Mild Cognitive Impairment
What is mild cognitive impairment?
Mild Cognitive Impairment is a syndrome (a collection of symptoms). It is described by a cognitive decline that is greater than normal aging but that does not interfere in a notable way with daily activities whereas dementia affects daily function. 15% to 20% of the population over 65 years old suffers from Mild Cognitive Impairment. Researchers are now dividing Mild Cognitive Impairment into different subtypes (amnestic, non-amnestic, single-domain, multiple-domain) and are looking into how these different subtypes are related to different types of dementia.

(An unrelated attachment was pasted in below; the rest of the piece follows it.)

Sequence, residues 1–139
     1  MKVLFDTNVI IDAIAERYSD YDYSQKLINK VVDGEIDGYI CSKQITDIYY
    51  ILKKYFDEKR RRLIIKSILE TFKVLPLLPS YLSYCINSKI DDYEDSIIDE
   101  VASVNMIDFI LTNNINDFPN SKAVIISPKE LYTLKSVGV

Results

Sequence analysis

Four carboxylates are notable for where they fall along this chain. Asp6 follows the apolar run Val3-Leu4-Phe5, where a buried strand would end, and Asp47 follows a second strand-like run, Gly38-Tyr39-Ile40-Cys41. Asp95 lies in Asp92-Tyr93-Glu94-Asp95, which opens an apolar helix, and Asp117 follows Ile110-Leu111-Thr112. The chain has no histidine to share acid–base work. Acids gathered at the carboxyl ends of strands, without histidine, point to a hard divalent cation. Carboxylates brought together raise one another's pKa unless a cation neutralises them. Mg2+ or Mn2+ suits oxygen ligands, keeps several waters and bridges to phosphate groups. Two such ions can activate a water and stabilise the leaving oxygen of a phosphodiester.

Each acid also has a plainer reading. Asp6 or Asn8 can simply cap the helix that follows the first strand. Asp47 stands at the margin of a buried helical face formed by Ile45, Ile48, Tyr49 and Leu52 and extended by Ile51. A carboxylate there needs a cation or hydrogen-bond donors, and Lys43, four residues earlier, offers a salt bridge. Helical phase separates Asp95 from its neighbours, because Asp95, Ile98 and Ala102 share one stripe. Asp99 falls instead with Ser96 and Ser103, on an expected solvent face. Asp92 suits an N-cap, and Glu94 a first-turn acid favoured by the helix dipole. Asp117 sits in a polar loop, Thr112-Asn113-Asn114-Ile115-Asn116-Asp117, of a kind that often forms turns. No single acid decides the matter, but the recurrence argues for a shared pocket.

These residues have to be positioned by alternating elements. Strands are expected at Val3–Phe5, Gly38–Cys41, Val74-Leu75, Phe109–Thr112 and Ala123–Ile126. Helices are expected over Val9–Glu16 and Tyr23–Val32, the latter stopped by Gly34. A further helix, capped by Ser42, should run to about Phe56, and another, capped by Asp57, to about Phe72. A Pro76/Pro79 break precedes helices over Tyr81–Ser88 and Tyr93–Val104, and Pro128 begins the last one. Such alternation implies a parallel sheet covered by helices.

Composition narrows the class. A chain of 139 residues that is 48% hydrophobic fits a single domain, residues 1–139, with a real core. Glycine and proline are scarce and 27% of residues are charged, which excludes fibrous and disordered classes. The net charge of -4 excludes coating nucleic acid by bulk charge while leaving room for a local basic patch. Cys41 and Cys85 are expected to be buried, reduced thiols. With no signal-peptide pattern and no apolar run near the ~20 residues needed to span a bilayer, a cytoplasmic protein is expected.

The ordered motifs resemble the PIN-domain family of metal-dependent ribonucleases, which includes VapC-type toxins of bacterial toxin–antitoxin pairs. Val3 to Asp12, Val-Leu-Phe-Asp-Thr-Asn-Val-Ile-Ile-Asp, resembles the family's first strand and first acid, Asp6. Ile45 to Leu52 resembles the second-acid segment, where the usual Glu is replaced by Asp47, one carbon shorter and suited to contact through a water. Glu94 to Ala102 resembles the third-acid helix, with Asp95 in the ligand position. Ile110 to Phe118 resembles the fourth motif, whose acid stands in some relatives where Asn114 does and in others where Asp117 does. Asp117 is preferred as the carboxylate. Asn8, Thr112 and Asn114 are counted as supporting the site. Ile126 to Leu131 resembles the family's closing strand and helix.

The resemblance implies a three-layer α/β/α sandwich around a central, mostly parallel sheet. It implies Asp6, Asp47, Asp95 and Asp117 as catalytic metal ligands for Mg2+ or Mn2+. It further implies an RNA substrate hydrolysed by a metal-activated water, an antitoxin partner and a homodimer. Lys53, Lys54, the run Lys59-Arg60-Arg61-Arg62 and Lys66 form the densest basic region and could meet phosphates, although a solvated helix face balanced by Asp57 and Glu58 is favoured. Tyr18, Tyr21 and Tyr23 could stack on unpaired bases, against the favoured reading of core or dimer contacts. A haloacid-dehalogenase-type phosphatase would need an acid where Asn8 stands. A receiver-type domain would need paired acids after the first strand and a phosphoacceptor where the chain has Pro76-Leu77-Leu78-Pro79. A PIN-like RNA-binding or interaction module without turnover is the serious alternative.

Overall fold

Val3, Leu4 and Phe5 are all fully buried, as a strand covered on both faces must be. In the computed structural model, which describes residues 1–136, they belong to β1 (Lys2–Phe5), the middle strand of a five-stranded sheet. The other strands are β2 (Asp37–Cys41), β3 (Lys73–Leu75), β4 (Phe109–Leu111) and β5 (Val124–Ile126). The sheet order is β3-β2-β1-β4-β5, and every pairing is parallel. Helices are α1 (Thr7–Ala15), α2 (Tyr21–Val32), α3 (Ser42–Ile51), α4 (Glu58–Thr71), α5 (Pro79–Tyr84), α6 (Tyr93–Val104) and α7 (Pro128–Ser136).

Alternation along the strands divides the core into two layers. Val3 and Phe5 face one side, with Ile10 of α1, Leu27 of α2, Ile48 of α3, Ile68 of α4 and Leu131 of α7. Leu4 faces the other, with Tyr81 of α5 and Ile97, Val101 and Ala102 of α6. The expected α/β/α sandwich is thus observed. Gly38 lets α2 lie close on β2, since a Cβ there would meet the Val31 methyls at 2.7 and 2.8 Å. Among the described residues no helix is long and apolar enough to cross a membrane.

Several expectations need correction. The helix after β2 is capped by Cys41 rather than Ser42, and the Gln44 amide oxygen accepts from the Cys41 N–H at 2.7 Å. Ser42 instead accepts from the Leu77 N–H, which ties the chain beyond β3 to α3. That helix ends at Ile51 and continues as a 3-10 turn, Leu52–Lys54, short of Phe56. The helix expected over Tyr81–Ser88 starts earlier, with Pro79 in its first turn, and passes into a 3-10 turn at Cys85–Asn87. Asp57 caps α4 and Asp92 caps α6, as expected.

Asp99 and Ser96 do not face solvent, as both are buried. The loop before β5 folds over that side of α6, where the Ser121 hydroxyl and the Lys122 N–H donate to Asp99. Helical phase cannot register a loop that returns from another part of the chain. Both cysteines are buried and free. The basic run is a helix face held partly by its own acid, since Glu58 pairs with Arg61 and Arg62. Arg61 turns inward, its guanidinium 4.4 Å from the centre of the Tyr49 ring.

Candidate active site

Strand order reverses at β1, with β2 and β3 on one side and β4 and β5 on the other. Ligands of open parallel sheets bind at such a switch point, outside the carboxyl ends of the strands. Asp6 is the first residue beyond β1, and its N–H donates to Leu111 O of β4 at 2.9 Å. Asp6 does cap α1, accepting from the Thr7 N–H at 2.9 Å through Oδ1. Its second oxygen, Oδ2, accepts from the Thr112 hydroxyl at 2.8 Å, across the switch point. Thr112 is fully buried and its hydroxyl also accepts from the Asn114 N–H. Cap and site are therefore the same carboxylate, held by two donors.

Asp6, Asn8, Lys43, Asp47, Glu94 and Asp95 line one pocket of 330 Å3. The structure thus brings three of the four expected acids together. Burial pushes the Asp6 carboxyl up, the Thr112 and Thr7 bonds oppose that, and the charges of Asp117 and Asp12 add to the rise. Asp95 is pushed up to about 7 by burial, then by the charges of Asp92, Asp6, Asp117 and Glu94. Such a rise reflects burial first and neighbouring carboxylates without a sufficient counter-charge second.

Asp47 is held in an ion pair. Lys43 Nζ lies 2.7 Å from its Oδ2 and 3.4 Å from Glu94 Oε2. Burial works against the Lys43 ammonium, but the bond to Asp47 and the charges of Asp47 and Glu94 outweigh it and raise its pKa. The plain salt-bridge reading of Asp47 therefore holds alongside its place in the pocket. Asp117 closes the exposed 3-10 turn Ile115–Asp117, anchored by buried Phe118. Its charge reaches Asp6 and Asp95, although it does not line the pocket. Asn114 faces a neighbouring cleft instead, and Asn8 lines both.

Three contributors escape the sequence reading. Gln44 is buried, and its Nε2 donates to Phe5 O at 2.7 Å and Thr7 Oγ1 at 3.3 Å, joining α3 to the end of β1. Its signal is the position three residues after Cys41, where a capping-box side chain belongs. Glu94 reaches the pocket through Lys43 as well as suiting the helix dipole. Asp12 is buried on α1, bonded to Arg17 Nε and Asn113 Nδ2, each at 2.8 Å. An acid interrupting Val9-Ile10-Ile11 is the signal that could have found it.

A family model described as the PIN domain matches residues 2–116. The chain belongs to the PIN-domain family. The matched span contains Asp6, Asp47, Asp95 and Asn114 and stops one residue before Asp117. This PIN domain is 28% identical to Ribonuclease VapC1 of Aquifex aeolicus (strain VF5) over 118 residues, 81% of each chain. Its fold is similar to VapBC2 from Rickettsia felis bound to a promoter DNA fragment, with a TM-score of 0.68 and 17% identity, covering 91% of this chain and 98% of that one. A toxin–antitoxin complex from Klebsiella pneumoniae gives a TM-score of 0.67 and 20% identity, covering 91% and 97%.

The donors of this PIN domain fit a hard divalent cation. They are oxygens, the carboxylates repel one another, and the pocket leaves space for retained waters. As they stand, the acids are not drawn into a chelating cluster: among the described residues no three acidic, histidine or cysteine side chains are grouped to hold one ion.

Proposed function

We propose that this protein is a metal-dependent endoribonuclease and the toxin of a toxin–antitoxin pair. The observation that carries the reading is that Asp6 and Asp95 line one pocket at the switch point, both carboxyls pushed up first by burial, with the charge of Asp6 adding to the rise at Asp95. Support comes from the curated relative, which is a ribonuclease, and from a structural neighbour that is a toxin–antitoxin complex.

Does mild cognitive impairment progress to Dementia?
Not all people with Mild Cognitive Impairment progress to dementia. Some stay in a state of Mild Cognitive Impairment, but some can even revert to normal cognition. The incidence of people progressing from Mild Cognitive Impairment to dementia within 5 years is over 40%, whereas over 35% of people with Mild Cognitive Impairment revert to normal cognition. However, the people that reverted remain more at risk to later on develop dementia. Therefore, Mild Cognitive Impairment can be recognized as a risk state for dementia. Its diagnosis can lead to acknowledgment of the syndrome and to prevention by controlling risk factors.